For me, reading-for-pleasure is usually found within non-fiction Philosophy-Mathematics-Physics. (Surveys, i mean, not source material. Wittgenstein may or may not have threatened Popper with a fireplace poker at Cambridge on the evening of Oct 25, 1946, for example. Trust me here . . . riveting.)
Anyway, so Physics is the study the natural world, looking for rules to explain what has been and to anticipate what is to come; Mathematics describes quantity, structure, space and change; and, Philosophy offers systematic voice to the intersections of the other two.
And this has anything to do with architecture, you wonder?
Earlier this week, I was reading a passage about the directionality of Time as an expression of the Second Law of Thermodynamics. Time seems to us to go only forward, as the energy-matter of the universe goes only* from high energy/complex accumulations, to low-energy simplistic ones.
* “only” is probably too strong a word (never say never; one of these days a pile of whipped cream COULD suddenly re-form itself on top of my hot chocolate.)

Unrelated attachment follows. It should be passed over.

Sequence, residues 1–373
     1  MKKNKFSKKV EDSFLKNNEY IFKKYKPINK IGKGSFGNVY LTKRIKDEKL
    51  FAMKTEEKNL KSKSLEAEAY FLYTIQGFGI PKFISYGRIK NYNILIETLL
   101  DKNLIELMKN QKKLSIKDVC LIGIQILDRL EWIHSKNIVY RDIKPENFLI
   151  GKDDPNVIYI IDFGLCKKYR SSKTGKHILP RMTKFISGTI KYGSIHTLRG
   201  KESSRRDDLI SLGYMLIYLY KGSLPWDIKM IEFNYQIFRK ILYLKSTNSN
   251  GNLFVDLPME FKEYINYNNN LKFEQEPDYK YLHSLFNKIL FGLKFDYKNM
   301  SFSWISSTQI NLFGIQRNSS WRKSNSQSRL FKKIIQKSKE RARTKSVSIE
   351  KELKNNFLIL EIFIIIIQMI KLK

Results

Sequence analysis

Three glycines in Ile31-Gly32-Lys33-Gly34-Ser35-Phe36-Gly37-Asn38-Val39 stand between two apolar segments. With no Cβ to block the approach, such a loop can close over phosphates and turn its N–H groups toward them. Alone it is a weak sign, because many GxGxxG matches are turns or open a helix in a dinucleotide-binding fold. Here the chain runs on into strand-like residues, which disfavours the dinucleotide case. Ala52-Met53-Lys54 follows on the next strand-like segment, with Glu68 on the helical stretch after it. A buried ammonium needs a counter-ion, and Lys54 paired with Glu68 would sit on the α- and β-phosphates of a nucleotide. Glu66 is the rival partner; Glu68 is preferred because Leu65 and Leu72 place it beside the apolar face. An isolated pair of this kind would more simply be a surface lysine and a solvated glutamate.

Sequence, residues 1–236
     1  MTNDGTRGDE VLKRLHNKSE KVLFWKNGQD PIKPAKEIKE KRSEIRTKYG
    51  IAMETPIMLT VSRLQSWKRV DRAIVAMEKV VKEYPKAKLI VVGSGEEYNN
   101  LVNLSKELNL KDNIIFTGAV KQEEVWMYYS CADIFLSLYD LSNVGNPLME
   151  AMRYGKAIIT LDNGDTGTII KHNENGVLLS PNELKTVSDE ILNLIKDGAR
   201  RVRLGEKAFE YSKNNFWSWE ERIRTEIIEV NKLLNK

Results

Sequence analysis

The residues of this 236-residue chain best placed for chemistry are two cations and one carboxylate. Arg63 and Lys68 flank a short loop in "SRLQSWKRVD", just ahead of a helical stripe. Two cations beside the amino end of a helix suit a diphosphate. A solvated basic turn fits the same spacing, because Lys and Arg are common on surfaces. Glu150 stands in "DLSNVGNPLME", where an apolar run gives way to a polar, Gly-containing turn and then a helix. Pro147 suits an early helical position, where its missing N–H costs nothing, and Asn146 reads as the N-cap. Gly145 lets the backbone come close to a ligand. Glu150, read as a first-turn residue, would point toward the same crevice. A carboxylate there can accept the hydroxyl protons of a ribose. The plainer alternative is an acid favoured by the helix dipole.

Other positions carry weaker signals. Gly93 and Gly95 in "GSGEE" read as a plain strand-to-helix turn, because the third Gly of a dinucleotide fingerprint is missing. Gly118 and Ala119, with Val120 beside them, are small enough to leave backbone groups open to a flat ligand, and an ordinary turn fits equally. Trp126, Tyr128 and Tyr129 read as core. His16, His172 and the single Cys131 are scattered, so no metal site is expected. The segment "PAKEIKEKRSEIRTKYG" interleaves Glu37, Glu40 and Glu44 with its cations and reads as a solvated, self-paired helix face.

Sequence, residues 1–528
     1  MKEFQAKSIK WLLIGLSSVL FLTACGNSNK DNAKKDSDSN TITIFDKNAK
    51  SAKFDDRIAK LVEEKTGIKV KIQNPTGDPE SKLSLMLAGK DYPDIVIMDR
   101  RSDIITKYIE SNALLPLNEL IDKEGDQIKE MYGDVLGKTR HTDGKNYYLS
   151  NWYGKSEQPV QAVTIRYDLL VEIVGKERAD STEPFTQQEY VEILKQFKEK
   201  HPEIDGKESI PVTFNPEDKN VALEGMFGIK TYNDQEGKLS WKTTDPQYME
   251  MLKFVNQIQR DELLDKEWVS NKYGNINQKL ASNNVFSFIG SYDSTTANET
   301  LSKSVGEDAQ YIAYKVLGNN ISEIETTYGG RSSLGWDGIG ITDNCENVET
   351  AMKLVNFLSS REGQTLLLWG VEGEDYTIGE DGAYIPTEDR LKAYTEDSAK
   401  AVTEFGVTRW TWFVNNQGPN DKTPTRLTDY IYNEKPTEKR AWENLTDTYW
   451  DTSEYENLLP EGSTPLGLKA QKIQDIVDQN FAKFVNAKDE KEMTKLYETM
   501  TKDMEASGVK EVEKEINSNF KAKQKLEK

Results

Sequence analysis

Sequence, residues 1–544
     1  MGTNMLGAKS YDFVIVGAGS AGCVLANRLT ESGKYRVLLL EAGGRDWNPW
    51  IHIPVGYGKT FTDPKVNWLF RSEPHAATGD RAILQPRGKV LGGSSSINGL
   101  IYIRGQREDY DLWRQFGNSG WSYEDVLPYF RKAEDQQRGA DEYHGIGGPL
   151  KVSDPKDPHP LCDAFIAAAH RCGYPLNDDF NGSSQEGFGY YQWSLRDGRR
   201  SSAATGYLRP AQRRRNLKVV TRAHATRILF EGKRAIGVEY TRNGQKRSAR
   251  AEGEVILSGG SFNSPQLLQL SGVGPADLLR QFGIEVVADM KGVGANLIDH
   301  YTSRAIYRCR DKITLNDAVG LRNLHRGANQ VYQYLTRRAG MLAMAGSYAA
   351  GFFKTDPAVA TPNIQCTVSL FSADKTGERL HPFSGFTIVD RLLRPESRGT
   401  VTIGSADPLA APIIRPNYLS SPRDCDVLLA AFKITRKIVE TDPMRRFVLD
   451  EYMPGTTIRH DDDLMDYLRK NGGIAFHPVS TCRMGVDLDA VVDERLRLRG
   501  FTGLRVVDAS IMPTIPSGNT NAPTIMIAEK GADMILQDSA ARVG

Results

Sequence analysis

So, then the next morning I’m photographing the Schwartz & Van Hoefen saucer building, and VOILA! there’s the equilibrium reached when the passion and vision of the Grand Project is spent -stasis, then decay. People push materials into a pile and declare it a building; but Time has other plans for those atoms.
That is, unless, New Energy / New Vision is brought to the system to change the direction of events. That’s what I see happening in the efforts to save the Saucer Building. That’s at least as exciting as the poker story.